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Guest Column SWP or dividends, what should you recommend to your clients?

SWP or dividends, what should you recommend to your clients?

SWPs are more tax efficient as these are treated as growth plan of mutual funds for tax purposes.
Karan Datta Jun 11, 2018

When your clients are looking to generate regular cash flow from mutual funds, they often find it difficult to decide whether or not they should redeem their investments. Currently, mutual fund investors have two options to generate regular cash flow, systematic withdrawal plan (SWP) or dividends. Let us understand what is best suited for your clients.

Dividends in mutual funds

Choosing the dividend option for a mutual fund scheme entitles an investor to receive dividends declared by the fund scheme periodically. Dividends are tax-free for investors. The fund house though has to pay Dividend Distribution Tax (DDT) on such dividends on behalf of investors. This means investors indirectly bear the tax burden on dividend income.

However, in case of close-ended schemes or schemes with a lock-in period like ELSS, the dividend option is preferable. This is because your clients will receive part of the profits throughout the investment tenure. Even though the investment is locked in, they would still benefit from some liquidity from time to time. 

Systematic Withdrawal Plan (SWP)

Just as systematic investment plans (SIPs) allow investors to make investments in mutual funds periodically, SWPs redeem your investments periodically. SWPs give investors the flexibility to choose the periodicity and amount of redemption.

Why SWPs score over dividends

Here are three reasons why an SWP is a better option than dividends

  1. Consistent cash flow: The dividend option does not guarantee regular cash flow since AMCs declare dividends after realising profits, if any. However, with SWPs, your clients can choose to have regular cash flow by redeeming their investments. There is no ambiguity on cash flow with SWPs.
  2. Control over quantum of cash flow: With SWPs, your clients can decide the amount and timing of cash flow depending on requirement. Simply put, your clients cannot rely on the dividend option to meet regular requirements.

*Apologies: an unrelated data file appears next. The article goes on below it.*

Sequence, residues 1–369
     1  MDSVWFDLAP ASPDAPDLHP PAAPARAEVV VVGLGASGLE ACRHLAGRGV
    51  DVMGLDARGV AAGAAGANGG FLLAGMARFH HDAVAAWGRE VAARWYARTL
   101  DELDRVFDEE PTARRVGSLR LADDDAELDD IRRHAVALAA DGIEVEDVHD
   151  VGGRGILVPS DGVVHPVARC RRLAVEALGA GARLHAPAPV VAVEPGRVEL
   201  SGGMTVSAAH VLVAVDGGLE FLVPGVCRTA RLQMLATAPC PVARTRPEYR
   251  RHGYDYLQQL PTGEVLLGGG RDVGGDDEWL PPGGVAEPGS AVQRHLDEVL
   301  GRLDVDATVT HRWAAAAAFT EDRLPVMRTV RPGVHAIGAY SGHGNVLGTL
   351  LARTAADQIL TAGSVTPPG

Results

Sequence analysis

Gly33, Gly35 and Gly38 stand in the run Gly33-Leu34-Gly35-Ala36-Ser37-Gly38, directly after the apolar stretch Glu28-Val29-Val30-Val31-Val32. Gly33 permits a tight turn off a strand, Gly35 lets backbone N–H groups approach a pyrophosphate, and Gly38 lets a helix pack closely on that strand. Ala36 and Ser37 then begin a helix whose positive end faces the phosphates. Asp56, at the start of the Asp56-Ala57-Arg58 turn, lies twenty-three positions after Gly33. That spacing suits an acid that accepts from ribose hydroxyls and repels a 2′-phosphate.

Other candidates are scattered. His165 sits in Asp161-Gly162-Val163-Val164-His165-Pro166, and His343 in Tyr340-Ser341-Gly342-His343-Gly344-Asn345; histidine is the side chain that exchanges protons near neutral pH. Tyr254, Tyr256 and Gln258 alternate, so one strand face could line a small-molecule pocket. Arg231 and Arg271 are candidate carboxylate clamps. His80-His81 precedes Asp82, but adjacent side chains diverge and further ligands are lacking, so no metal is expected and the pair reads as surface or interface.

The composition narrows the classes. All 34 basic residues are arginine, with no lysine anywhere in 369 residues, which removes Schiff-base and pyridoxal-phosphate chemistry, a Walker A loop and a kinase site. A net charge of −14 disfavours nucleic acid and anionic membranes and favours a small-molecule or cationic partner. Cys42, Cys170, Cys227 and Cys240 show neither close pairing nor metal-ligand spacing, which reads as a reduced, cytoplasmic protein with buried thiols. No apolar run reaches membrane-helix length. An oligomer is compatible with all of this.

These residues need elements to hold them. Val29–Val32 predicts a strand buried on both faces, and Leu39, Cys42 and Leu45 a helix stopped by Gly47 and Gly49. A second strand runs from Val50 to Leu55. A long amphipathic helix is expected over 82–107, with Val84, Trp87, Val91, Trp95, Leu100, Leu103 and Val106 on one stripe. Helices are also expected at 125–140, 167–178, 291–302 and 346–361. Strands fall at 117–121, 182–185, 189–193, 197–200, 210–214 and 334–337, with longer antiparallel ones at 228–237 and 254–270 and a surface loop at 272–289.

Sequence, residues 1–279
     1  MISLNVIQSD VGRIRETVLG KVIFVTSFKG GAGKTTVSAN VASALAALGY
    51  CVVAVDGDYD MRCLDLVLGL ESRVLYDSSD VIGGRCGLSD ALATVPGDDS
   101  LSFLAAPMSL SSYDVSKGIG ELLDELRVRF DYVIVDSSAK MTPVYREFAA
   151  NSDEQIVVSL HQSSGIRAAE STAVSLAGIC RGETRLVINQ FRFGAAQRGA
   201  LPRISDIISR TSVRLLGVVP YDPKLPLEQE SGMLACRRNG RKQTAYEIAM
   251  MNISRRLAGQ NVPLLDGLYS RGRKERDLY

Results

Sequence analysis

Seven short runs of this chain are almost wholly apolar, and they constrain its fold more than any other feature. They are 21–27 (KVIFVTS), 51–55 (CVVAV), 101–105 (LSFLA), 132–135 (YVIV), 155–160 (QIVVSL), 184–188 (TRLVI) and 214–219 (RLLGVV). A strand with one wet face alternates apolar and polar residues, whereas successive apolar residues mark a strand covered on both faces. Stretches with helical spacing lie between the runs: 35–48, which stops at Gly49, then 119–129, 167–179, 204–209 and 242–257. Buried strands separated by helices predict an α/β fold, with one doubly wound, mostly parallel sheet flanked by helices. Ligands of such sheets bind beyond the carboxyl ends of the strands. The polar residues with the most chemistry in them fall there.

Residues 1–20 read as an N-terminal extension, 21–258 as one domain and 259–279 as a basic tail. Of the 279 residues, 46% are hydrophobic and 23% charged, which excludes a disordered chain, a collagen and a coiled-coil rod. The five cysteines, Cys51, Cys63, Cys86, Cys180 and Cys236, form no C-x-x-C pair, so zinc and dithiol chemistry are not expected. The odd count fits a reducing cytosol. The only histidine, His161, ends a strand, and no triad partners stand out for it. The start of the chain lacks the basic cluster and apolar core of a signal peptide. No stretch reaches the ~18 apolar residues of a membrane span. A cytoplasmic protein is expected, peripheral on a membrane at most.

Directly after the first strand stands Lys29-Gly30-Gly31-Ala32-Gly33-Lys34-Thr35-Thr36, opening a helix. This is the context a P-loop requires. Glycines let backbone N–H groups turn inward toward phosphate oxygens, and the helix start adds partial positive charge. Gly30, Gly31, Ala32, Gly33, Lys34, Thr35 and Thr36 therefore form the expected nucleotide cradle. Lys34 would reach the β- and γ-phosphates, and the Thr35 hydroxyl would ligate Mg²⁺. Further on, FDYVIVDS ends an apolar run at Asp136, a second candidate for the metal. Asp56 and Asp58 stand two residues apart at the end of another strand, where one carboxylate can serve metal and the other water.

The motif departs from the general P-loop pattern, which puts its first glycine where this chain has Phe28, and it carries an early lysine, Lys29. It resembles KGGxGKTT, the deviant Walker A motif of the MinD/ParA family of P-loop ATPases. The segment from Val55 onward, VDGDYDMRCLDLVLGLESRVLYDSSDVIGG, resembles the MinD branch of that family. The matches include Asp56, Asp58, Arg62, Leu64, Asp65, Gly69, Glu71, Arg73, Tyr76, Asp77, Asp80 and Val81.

3. Tax efficient: The government levies DDT on dividends arising out of mutual fund investments. Since the NAV of the fund is reduced to the extent of dividend, investors end up paying the tax from their MF investments. SWPs, on the other hand, are treated as redemption from mutual funds. The tax treatment of such redemption is just like growth options in mutual funds.

Hence, SWP scores over the dividend option. However, if the periodic payouts are considerably higher than the returns generated by the mutual fund, you should consider recommending the dividend option as the investment amount might get exhausted. There is no such fear with the dividend option, as any dividend has to be declared only out of profits realised.

Karan Datta is the Chief Business Officer at Axis Mutual Fund. The views expressed in this article are solely of the author and do not necessarily reflect the views of Cafemutual.

 
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4 Comments
Pramod puranik · 4 months ago
I am strong believer of divi distribution each and every mutual fund should earn more distribute more and then only they will get more
Regarding SWP short term capital calculation is must for first year it is not required in divi distribution
Thirdly divi yield veries from person to person depending on period of his investments purchase NAV and profit booking my clients when they already got back their capital they have very good divi yield so you can not generalise pl note that we have enjoyed tax free divi since 1997 in equity and since 2001 in mutual funds so if there is only 10 percent divi distribution tax no body should complain complain about it
Sanjay Shah · 4 months ago
If investor is in higher tax bracket of more than 10% than tax-free divided is a welcome option and is free of all short and long-term capital gain calculation. Such investor also have higher chance of having long-term capital gains from direct investment in stock which is limited to 1 lakh only tax-free.
VINOD SHIRALKAR · 4 months ago
SWPs redeem your investments periodically. SWPs give investors the flexibility to choose the periodicity and amount of redemption. They are tax efficient too however they are better for a rising market.
In a bearish market, they may be disastrous.
For a client who needs a lower sum equal to one lakh, they are tax-free even but for a higher need of cash flow Dividends are still good.
Ravikumar · 4 months ago
In SWP, How and where to find weather SWP amount is Redaming part of Principle or Growth , as for redemption is concern First cum first units, let us assume if one invested 10 lakhs , and SWP of 8k pm, most of the SWP happen part of Principle. Then how to Calculate Long term capital gain tax.
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